Associate professor at HEC Montréal, Elodie Allain assumes her role as visiting professor at EMSBS for the fourth time. We interviewed her about her background and recent research, particularly that carried out in collaboration with Célia Lemaire, a member of HuManiS.
Hello Elodie, could you tell me a bit about yourself?
After a master's degree in financial accounting to become a public accountant, I finally chose to follow the advice of one of my professors at the University of Rennes to do a PhD. I worked on a research project on calculating the costs of insurance services that I had already started for my master’s thesis defense. In 2010, I defended my PhD dissertation entitled “La modélisation des coûts dans le secteur des services : une lecture au travers de l'utilisation de la variable ‘temps’.”
After a semester of study in Montreal where I fell in love with the city, I wanted to move to Quebec after my PhD. I obtained a position at HEC Montréal, which I have held for 11 years now. I teach courses in management control, cost management, and accounting. At the same time, I conduct various research projects and participate in several pedagogical innovation projects.
What are your main areas of research?
During my PhD, my research topic was focused on costing and all the difficulties related to service companies in particular. Defining the scope of a service, which includes a significantly greater human dimension than a manufactured product for example, is indeed very complex.
More globally, my research work deals with the notion of quantification, which includes costing but also obtaining quantitative information from which performance indicators are derived for decision-making. I worked for many years on improving quantification through costing, but now I'm more interested in studying the impact of quantification and how it is used in business.
For example, I have started research on how the role of controllers have changed with new digital tools and in particular business intelligence tools that optimize operations, business processes, and decision-making.
Can you tell me more about your collaboration with Célia Lemaire, associate professor at EMSBS?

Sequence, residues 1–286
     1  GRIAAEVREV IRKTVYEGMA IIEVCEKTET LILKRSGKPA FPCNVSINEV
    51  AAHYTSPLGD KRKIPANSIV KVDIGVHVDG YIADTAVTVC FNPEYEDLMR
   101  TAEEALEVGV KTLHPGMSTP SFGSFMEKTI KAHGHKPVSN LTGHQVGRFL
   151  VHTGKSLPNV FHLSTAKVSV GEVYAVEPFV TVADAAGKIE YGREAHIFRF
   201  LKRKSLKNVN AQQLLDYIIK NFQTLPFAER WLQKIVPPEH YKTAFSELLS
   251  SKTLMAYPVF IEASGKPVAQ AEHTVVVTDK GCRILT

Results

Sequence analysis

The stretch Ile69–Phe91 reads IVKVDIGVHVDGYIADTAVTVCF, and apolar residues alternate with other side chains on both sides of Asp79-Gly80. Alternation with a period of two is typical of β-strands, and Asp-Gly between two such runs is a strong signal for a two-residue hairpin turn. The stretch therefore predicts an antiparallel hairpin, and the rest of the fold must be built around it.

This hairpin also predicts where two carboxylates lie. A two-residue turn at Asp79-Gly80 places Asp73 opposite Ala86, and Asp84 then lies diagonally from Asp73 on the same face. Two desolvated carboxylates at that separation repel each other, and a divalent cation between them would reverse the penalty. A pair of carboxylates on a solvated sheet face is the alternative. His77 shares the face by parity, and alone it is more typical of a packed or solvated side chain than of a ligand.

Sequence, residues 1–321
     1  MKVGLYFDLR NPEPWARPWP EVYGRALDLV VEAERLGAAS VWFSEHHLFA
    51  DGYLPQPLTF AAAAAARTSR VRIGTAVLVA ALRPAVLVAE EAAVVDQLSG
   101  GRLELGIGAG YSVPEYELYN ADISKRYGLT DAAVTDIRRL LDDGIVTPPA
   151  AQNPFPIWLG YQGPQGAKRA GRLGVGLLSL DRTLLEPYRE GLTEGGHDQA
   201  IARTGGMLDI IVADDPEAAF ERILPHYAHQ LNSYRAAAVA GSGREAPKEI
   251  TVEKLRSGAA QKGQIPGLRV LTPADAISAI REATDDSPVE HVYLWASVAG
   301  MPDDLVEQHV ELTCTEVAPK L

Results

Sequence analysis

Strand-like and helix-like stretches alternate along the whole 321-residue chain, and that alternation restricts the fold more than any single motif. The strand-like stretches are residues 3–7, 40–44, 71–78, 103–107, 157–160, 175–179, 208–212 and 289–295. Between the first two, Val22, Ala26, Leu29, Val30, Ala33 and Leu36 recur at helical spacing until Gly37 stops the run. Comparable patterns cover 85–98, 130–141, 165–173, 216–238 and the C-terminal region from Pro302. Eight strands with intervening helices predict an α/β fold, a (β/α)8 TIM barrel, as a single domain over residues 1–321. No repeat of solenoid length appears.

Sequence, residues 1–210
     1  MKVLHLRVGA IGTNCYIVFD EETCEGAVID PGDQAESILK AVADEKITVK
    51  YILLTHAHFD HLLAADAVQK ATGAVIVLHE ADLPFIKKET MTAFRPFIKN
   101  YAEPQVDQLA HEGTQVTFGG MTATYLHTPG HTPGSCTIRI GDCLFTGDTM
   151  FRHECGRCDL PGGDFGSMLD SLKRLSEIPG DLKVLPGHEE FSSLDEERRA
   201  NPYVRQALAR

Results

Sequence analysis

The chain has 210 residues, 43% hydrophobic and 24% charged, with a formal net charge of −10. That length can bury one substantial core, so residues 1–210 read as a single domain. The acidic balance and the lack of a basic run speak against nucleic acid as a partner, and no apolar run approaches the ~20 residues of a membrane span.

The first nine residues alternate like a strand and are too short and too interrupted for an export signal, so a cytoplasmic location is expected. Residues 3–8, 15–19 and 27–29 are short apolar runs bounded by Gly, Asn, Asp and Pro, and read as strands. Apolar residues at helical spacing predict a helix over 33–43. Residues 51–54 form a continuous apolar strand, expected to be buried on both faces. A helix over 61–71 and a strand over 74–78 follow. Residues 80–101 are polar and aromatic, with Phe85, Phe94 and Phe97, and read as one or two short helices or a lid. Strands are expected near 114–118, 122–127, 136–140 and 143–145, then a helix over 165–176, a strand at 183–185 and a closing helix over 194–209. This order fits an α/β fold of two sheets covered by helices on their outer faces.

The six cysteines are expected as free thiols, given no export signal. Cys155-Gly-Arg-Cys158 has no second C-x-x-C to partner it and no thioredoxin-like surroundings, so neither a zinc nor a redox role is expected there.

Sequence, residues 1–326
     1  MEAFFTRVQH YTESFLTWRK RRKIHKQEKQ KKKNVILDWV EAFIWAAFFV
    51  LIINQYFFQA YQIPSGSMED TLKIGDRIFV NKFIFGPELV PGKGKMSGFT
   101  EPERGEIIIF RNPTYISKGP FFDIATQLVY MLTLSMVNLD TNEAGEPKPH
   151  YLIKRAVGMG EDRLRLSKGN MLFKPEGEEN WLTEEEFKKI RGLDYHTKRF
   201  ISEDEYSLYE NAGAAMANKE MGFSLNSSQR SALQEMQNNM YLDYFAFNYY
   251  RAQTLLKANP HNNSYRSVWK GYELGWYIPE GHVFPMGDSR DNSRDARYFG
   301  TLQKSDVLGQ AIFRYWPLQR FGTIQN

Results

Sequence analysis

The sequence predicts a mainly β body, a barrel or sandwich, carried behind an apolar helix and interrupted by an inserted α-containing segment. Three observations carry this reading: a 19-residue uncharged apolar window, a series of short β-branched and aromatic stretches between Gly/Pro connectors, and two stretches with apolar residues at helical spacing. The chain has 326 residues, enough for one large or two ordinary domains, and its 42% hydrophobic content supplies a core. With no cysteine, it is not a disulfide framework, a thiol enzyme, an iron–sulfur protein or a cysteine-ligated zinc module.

For the past few years, Célia Lemaire (HuManiS, EMSBS), Gulliver Lux (Université du Québec à Montréal), and I have been working together on a project that is very dear to us.
In 2016, we began a collective research project on the performance of health and social organizations. At that time, a series of reforms in the health and social field were adopted in Quebec. These have had a strong impact on the sector, and it seemed interesting to us to evaluate their impact on the personnel and more particularly the managers of these organizations.
These reforms lead to a massive restructuration, involving the merger of several organizations to reduce budgets and staff. They follow the new public management trend with much more optimization and rationalization of cost and with a transfer of managerial techniques from the private sector to the public sector.
By conducting numerous interviews, we were able to study how managers cope with reforms that are too dehumanizing for their staff. To resist, they use accounting tools but in fact reinforce the system they are trying to fight and promote the dehumanizing dynamic induced by the reform.
Thanks to the collection and analysis of all this information, we were able to write a first article entitled "Managers' subtle resistance to neoliberal reforms through and by means of management accounting" published in early 2021.
We are in the process of finalizing a second article on the topic of passionate interests. We also published a book chapter together entitled "Visual boards as a medium for a relational-based approach", which talks about the impact of using visual elements in performance management tools.
We still have many interviews to analyze, so our collaboration will extend well into the future. As these interviews were conducted in Canada and France, we plan to write a comparative article on the different reforms adopted by the two countries.
What do you think are the benefits and/or constraints of working together in different countries?
We are each at a different university, in different countries: Gulliver and I are in Quebec and Célia in France, but we regularly work via videoconference and organize visits, at least once a year.
The work progresses better when we see each other, but the videoconferences (planned every week or every two weeks on average depending on requirements) allow us to stay on track. In addition to online exchanges, we rotate the papers we collaborate on. Everyone takes turns reading the paper to provide feedback, inject new ideas, and revise the central theme if necessary.
There is no magic formula for collaboration, but we have common interests and a complementary approach that allow each of us to play a role in an informal way that balances the whole.
What advice would you like to give to doctoral students and young doctors at the School?
I would advise them to attend many conferences as soon as possible, even if they have no papers to present. I find it important to listen to the latest news, analyze how people are asking questions, and interact with researchers from different universities and nationalities. It is nevertheless important to target conferences in line with their fields of interest and branches of research.
Thank you very much Elodie for taking the time to answer my questions!